Autumn should begin on Tuesday.
Well, that's according to one of the country's leading botanists.
Professor Tim Entwisle, Royal Botanic Gardens director, will release a book Sprinter and Sprummer: Australia's changing seasons in September, that will argue there should be five seasons and these should include two springs.
Based on his theory summer would be four months long, and the other seasons two months each.
So up until Monday, it was still summer - that would explain the temperatures of 31 degrees predicted for Monday and Tuesday. In March days over 30 degrees are still fairly common, the Bureau of Meteorology's senior forecaster Terry Ryan says, but in April they are scarcer.
Professor Entwisle's theory has autumn running from April 1 to May 31 and winter from June 1 to July 30. August 1 would signal the beginning of ''sprinter'', an early spring noted for the arrival of wattle and spring wildflowers. ''Sprinter'' would end when ''sprummer'' arrived on October 1 as a second spring when the jacaranda trees bloom. Summer would begin on December 1.
Professor Entwisle said the climate change discussion about ''spring creep'' was difficult in Australia because we based our seasons on the British model.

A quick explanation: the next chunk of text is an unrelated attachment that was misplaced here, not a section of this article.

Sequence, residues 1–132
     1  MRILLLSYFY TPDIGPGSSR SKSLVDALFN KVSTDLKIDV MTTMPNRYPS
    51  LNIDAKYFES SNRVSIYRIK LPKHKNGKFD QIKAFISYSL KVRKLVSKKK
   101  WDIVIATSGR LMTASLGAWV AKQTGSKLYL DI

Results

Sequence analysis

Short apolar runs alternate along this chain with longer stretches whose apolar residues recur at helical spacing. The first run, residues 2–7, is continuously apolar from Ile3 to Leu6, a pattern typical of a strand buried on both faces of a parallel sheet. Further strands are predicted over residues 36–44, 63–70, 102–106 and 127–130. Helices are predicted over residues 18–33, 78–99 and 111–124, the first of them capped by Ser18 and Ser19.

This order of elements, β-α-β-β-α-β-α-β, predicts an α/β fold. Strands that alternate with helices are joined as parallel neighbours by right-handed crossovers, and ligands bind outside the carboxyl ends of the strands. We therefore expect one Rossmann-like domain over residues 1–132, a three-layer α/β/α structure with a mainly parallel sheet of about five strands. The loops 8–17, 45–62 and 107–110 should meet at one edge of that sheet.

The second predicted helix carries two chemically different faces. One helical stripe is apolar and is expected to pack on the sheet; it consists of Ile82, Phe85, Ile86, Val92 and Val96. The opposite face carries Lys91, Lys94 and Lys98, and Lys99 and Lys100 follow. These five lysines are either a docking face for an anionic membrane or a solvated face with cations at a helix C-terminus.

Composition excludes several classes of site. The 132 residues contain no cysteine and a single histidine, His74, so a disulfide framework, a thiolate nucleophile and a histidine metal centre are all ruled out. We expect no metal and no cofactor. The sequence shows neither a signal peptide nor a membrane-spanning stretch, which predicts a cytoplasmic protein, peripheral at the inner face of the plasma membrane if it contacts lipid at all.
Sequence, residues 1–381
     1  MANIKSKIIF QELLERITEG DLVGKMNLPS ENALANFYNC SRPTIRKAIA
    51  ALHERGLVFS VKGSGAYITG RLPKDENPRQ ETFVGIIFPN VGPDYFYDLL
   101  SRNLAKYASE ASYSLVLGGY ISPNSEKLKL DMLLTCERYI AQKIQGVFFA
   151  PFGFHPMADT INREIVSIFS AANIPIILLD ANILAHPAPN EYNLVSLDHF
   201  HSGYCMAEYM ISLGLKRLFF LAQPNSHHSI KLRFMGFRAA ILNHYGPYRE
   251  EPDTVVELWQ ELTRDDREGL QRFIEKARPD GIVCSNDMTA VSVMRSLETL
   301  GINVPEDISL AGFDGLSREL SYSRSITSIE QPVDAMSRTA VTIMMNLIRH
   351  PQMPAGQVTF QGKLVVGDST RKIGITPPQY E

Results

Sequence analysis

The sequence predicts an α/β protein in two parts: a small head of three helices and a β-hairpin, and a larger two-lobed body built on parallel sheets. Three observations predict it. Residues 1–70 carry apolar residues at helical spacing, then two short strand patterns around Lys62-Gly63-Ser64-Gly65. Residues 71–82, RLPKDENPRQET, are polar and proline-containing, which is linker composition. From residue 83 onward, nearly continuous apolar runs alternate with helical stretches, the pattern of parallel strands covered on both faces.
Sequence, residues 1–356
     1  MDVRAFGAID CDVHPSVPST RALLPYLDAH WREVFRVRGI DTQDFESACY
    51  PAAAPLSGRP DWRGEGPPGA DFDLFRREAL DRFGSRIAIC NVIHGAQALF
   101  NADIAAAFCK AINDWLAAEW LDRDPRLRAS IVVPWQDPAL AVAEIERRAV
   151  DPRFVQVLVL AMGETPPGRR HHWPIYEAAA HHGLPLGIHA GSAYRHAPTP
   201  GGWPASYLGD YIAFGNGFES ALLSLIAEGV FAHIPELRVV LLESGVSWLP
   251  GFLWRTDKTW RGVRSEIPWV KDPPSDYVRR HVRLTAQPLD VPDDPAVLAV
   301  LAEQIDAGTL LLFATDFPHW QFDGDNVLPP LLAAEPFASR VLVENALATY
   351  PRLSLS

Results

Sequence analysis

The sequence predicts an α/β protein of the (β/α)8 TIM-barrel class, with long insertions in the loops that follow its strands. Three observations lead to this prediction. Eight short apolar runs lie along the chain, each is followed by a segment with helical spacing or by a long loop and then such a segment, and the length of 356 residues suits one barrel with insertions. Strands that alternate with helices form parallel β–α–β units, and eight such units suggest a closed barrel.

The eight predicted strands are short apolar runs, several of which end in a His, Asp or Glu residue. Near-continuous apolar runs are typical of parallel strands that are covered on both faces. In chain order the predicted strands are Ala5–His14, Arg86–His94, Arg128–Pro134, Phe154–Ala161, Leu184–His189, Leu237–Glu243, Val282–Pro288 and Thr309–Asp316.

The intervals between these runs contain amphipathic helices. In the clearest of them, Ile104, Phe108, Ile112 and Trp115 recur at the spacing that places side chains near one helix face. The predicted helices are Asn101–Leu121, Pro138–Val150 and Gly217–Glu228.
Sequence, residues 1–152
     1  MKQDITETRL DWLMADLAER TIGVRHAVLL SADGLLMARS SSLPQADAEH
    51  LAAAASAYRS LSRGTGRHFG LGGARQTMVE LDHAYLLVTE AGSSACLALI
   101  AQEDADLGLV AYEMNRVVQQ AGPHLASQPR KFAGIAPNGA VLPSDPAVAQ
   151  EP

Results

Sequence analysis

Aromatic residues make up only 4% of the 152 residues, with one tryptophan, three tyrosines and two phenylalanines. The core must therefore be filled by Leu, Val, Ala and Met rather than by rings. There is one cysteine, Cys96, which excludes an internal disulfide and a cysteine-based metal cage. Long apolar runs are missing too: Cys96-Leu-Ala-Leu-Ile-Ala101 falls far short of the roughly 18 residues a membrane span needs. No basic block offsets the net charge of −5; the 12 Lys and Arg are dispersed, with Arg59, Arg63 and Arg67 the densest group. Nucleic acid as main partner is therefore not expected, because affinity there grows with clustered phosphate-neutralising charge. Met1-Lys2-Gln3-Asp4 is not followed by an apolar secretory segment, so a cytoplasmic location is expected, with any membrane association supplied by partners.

''Climate change will have an impact on seasons but we should get our seasons lined up with the country we live in,'' he said. ''We already see spring coming earlier and with climate change we might see further changes,'' he said.
In the United States seasons are based on shifting sunlight rather than temperature, but even this could vary by regions. Australia follows the British model and Asian countries were different again with some parts of China having a dozen seasons, he said.
Professor Entwisle's research found as many as seven seasons for indigenous peoples in different regions of Australia, all starting at different times based on local weather, plant and animal life. He found only one indigenous group who had four seasons, and that was 180 kilometres west of Katherine in the Northern Territory.
The Grampians’ Brambuk National Park and Cultural Centre has a display on the six seasons for the Gariwerd, the indigenous name for the region. They take into account butterfly, bird and eel arrivals, wildflower blooms and weather factors such as extreme bushfire seasons, and include "chinnup" (season of cockatoos) in winter, and "ballambar" (season of butterflies) in early summer.
Professor Entwisle hoped the book would have gardening and weather enthusiasts making observations to give more clarity to the seasons. He believes there could be as many as 11 seasons, but that would be ‘‘impractical’’.
The book is due to be published by CSIRO Publishing on September 1, in time for the beginning of spring, or is that the middle of sprinter?